286 Route 43. ARNHEM. From Amsterdam
munity resides in a pile of contiguous buildings, possessing many
of their goods in common, and strictly observing the precepts of
their sect. They somewhat resemble the Quakers of England, and
are remarkable for the purity and simplicity of their lives. Married
women, widows, and young girls are distinguished by a difference of
costume. The environs are carefully cultivated. Gardens, orchards,
plantations, corn-fields, pastures, and country-houses are passed in
rapid succession. During the harvest the corn is stacked in a pecu¬
liar manner, and protected by roofs.
14 M. Maarsbergen. 21 M. Veenendaal is noted for its honey.
29 M. Ede is the station for Wageningen (p. 297), which lies ilfe M.
to the S. Near (31 M.) Wolfhezen is an extensive plain stretching to
the Zuiderzee, which has been frequently used as a military exer-
cising-ground by Dutch and French armies. One of the latter, by
command of Marshal Marmont in 1804, threw up a lofty mound
on the heights between Ede and Veenendaal, to commemorate the
coronation of Napoleon I. 33 M. Oosterbeek. As Arnhem is ap¬
proached the train commands several picturesque glimpses of the
Rhine and the Betuwe (p. 297) on the right, and of Sonsbeek
(p. 287) on the left. |~- Q,
35 M. Arnhem. — *Hotel de Z(fc (day'Soleil), near the bridge-of-
boats, outside the town on the N.W. side, and the nearest to the station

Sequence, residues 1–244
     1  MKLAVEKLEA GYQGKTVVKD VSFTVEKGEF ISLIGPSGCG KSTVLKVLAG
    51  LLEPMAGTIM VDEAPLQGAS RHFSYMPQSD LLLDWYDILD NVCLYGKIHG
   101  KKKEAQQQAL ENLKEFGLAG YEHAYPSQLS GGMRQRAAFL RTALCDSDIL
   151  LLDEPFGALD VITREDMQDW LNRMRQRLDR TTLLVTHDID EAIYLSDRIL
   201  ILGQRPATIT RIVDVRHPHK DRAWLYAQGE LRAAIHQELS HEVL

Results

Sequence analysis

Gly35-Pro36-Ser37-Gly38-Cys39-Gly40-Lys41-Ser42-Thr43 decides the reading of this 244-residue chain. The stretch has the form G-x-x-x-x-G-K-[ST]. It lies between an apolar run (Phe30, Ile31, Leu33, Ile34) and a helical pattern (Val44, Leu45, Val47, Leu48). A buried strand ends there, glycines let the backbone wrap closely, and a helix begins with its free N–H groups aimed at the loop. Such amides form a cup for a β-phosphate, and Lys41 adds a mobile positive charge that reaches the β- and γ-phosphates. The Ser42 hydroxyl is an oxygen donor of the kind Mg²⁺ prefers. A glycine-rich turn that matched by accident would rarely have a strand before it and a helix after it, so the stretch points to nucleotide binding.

and the pier of the Netherlands Steamboat Co., R. l'/2 A-, L- 30, A. 25,
B. 70 c.; Hotel des Pats-Bas , in the Groote Markt, with its back to¬
wards the Rhine, and not far from the pier of the Cologne and Diisseldorf
Steamboat Co.; "Zwtnshoofd ('Boar's Head', a common sign of Dutch
inns), in the town; Hotel Bast, in the town, near the Rhine; Bellevue,
to the W. of the town, with a fine view. !De Paauw ('Peacock'), near
the station, a small second-class inn. — For a long stay: Hotel Garni
Kernheim, on the road to Velp (p. 288).
Cab within the town, with 561bs. of luggage, 75 c.; to Klarenbeek and
Roozendaal, via, the Steenen Tafel, returning by Bronbeek and Velp (2'/4-
2'/2 hrs.), about 3 fl.
Arnhem, the Roman Arenacum, with 41,300 inhab. (l/% Rom.
Cath.), formerly the residence of the Dukes of Guelders, is still
the capital of the Dutch province of that name , whose inhabitants
are described by an old proverb as 'Hoog van moed, klein van goed,
een zwaard in de hand, is 't wapen van Gelderland' ('Great in cou¬
rage , poor in goods, sword in hand, such is the motto of Guelder-
land'). The town»lies on the S. slopes of the Veluwe range of hills
(p. 297), and was re-fortified by Gen. Coehoorn at the beginning
of the 18th cent., after it had been taken by the French in 1672.
The town, which was garrisoned by French troops, was taken on
13th Nov., 1813, by Billow's corps of the Prussian army, the same
which distinguished itself at the Battle of Waterloo.
Arnhem, which is one of the most attractive - looking towns in
Holland, is a favourite residence of Dutch 'nabobs' from the East
Indies. The old fortifications have been converted into promenades,
and handsome new buildings are springing up on all sides.
Leaving the station and bearing to the left, we pass through